Tag Archives: Simon Orpana
Globe & Mail writer Margaret Wente recently disparaged the students protesting tuition hikes in Quebec as the “Greeks of Canada.” In this response, Simon Orpana suggests the student movement actually positions Quebec as a beacon of social awareness with the potential to restore how Canada once defined itself as a country. The Quebec student strike, by opening a debate on the nature of democracy itself, has crucial implications for the whole of society.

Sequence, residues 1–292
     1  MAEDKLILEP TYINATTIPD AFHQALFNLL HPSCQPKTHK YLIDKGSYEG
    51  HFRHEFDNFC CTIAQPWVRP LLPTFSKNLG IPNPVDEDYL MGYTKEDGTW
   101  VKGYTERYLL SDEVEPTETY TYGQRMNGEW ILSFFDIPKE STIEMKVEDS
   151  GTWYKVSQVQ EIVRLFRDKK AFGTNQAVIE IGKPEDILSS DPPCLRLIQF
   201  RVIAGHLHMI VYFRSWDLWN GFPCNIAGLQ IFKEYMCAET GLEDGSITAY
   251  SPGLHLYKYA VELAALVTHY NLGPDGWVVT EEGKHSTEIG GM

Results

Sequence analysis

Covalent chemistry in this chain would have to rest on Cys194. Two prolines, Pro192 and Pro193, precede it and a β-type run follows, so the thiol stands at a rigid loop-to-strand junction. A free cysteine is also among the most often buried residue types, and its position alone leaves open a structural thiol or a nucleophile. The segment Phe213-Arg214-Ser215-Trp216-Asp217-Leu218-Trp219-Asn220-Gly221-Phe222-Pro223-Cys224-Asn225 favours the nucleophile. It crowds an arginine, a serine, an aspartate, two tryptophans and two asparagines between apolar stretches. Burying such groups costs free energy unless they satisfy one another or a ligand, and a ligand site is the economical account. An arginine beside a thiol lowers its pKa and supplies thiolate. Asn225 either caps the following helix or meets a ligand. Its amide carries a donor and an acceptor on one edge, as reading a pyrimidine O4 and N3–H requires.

In this provocative essay, Simon Orpana interweaves social observation with personal and philosophical reflection to consider the contemporary cultural landscape in which digital connectivity makes us all to some extent exhibitionists and peepers. Privacy is put on display through public acts, even as public spaces are increasingly privatized and subjected to the greediness of both the corporate and the consumer gaze. But rather than “retreat to a dislocated elsewhere,” Orpana asks us to consider how accessing and negotiating these shifting dimensions of a socially embedded self are mediated by class, status, and most significantly the economy, as “Daily we plug into our iPods and cell phones, hoping to insulate and inoculate ourselves from the political and ecological calamities whose evidence is mounting around us in everything from unusual weather patterns, to increasing precarious employment options, to overcrowded transit conditions, but over which we seem to have very little control. Our reflexive responses to the hegemonic operations of capital remain symptomatic insofar as they imitate the abstract and global level at which digital finance operates, asserting forms of social connectivity in a way that promises us agency and freedom while allowing the economic structures that determine us to remain obscure and unchecked.”